What Is Osgood Schlatter’s Disease?
Osgood Schlatter’s Disease, frequently referred to just as Osgood Schlatter’s, is a common cause of knee pain in growing adolescents. The basic anatomy of the area is that at the front of your thigh your quadriceps muscles attach to the shin bone, just below the knee cap via a thick tendon called the patella tendon. At the point of attachment of the patella tendon to the shin bone is a noticeable visually bony bump called the tibial tuberosity which is the site of pain in this condition.
Note: Osgood Schlatter’s Disease is not really a disease, it is more of a “syndrome” that is related to the abnormal growth of the tibial tuberosity (the attachment point for the quads via the patella tendon ).
Growth Spurts And High Activity Levels
In Osgood Schlatter’s Disease it is thought to be the abnormal growth of this tibial tuberosity that causes the pain, where the condition frequently occurs around a period of growth. Growth spurts and high physical activity are commonly associated with the development, or exacerbation of this type of knee pain, henceforth Osgood-Schlatter’s is a common cause of knee pain in children particularly between the ages of 10-14 years. The condition is more common in boys, most likely this is to do with the varied stages of hormonal changes between boys and girls at this stage of adolescence and any resulting varied growth changes, coupled with the tendency that historically boys around this age are more active than girls of the same age. When someone has Osgood Schlatter’s Disease the tibial tuberosity may visually appear swollen and is painful to touch, as well as causes discomfort during activities such as running, jumping, kneeling, stair climbing…
What Makes Kids Different?
Due to the rapid rate at which kids can grow, their muscles, tendons and ligaments may grow at different rates to their bone. The relative strength of muscles in relation to the size of their body (skeletal system) that they are growing into may not be balanced. In some children it may take months, even years for their growing body to ‘catch up’ to where it needs to be, the point where their body can support its size, taking years to reach the point where the bones and soft tissues that help support them are in balance and enable them to function and operate in a more biomechanically ideal state. With such changes in the size of bones, muscles, and tendons and other soft tissues through periods of rapid growth as occurs during adolescence it can carry with it dysfunctions and injuries, Osgood Schlatter’s disease is one such condition.
Causes Of Osgood Schlatter’s Disease
Osgood Schlatter’s disease is firstly related to growing fast, or a specific growth spurt. As previously mentioned the condition tends to affect adolescent children, with boys often aged about 13 to 14 years being the most impacted, and girls less affected and more likely to experience symptoms when aged 10 – 11 years old.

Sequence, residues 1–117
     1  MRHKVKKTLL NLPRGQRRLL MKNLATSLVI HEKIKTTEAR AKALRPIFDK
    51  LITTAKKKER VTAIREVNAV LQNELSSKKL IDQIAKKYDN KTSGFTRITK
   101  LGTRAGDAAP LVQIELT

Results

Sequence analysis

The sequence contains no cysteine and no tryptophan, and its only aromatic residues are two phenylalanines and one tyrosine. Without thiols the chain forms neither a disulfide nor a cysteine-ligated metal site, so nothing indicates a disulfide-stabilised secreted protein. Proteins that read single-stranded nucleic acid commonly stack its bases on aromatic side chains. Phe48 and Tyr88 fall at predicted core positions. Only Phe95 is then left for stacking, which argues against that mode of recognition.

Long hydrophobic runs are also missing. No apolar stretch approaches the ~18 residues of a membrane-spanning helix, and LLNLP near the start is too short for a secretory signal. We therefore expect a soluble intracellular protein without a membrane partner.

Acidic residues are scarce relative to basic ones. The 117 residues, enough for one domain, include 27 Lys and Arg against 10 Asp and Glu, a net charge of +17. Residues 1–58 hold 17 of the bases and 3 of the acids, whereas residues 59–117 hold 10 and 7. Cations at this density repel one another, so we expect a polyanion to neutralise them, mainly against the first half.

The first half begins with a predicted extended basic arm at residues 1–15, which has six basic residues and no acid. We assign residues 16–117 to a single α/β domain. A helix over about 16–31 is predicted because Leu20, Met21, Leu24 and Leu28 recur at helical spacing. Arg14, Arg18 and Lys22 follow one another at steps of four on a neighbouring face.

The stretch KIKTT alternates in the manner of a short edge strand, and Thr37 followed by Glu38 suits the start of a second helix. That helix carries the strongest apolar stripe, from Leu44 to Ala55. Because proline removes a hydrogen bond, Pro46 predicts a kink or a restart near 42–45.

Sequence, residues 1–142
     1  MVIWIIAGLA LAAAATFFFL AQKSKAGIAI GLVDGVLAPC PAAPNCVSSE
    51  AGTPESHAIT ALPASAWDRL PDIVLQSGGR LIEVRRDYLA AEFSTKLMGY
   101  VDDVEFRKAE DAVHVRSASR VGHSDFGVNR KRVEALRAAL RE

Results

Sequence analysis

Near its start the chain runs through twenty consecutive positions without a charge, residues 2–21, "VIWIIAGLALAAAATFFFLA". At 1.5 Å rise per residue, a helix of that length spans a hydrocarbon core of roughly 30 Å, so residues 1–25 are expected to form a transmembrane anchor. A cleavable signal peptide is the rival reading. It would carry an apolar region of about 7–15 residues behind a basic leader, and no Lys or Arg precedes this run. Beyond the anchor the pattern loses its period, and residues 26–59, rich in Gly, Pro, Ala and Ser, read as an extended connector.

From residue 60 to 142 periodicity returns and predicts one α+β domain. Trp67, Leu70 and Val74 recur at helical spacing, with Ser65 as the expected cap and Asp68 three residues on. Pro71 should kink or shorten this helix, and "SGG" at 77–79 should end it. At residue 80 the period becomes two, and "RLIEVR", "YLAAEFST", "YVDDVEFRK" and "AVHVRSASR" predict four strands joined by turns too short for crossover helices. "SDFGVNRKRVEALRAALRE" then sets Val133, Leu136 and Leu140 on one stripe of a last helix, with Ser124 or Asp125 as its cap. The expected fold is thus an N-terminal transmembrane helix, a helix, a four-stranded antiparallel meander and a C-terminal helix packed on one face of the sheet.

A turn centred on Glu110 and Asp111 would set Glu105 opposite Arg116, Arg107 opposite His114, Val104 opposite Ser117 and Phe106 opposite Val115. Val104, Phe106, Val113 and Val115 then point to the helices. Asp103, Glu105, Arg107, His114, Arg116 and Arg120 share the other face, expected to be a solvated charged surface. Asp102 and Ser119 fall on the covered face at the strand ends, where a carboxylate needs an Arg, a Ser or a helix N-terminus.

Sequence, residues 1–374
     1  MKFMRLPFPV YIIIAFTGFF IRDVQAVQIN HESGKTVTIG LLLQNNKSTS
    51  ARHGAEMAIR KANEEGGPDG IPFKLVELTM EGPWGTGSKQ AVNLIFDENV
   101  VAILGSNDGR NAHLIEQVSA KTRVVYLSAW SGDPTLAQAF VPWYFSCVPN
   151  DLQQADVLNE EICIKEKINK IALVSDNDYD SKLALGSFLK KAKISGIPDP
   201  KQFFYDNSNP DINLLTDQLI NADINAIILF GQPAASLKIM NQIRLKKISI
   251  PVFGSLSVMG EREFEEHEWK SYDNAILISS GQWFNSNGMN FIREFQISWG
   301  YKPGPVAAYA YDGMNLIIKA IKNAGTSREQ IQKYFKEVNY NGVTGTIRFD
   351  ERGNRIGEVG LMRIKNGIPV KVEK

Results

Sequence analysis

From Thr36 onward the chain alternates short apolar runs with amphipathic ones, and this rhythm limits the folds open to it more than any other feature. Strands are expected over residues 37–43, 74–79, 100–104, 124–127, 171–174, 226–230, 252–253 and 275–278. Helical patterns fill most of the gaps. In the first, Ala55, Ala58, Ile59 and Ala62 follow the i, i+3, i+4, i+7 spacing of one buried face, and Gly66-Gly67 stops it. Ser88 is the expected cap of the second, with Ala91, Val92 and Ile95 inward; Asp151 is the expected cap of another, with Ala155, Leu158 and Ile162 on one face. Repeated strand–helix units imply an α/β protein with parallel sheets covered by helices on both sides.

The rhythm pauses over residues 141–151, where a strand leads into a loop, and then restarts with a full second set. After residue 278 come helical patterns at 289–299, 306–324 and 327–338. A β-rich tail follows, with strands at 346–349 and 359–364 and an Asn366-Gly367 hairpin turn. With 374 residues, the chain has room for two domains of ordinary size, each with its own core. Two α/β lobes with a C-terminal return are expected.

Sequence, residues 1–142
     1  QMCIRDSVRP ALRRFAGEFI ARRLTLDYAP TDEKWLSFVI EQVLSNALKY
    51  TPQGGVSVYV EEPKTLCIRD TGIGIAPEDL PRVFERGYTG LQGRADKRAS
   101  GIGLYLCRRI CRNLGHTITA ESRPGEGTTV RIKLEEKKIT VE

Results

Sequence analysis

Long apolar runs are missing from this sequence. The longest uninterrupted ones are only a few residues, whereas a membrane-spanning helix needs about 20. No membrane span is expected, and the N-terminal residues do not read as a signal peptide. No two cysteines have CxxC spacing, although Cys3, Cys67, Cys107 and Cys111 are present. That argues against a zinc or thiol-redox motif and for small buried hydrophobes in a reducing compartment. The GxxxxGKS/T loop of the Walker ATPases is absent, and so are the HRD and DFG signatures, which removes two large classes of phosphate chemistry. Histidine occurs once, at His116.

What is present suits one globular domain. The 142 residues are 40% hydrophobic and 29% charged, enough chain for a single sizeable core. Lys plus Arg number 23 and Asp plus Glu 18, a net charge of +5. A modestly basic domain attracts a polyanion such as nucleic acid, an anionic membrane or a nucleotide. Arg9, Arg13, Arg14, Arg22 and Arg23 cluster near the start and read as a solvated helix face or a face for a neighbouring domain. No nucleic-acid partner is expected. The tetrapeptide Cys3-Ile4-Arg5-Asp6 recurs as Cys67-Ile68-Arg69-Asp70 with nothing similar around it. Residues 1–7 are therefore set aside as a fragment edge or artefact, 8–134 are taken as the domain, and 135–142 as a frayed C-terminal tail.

Some of the listed causes of Osgood Schlatter’s may include:
- Gender: As a rule boys are more susceptible than girls, but this may be because boys typically engage in more vigorous sports than girls. As mentioned above the age with which each sex experiences their symptoms varies, this is down to the developmental stages and generally girls going through a period of significant growth earlier in life than boys.
- Exercise: Active children are more at risk, particularly those engaged in athletics and sports that involve a high load with regard to running and jumping movements.
- Muscle tightness, muscle imbalances and poor postural / biomechanical alignment may also be risk factors for developing Osgood Schlatter’s.
- Injury: It is suggested that around half of all children with Osgood Schlatter’s disease report a prior knee injury to the onset of the condition, this may be as simple as a knock to the front of the knee through a fall or impact injury playing sport where the tibial tubercle is knocked triggering a flare up of pain.
Symptoms Of Osgood Schlatter’s Disease
Symptoms of Osgood Schlatter’s disease depends on the severity of the condition but is firstly recognized by the kid having pain located to the tibial tuberosity (the bony growth below the knee). This pain may be accompanied with a visually swollen tibial tuberosity as well as red and inflamed skin over the area. The condition may present in one, or both knees and if severe and persistent enough it may even lead to the individuals quadriceps muscles losing strength and size due to pain subsequent disuse.
- Pain associated may be dull at rest and sharp on activity, kids will normally complain of pain when running, jumping, going up and down stairs.
- Kneeling on the area is normally painful, as is the area getting bumped or knocked during activity.
- Kids may even have discomfort when straightening the knee joint and doing squatting movements using the quadriceps as the muscle ultimately pulls on the angry tibial tubercle.
Disclaimer: Sydney Physio Clinic does not endorse any treatments, procedures, products mentioned. This information is provided as an educational service and is not intended to serve as medical advice. Anyone seeking specific advice or assistance on Osgood Schlatter’s Disease Is Not Really A Disease should consult his or her general practitioner, physiotherapist or otherwise appropriately skilled practitioner.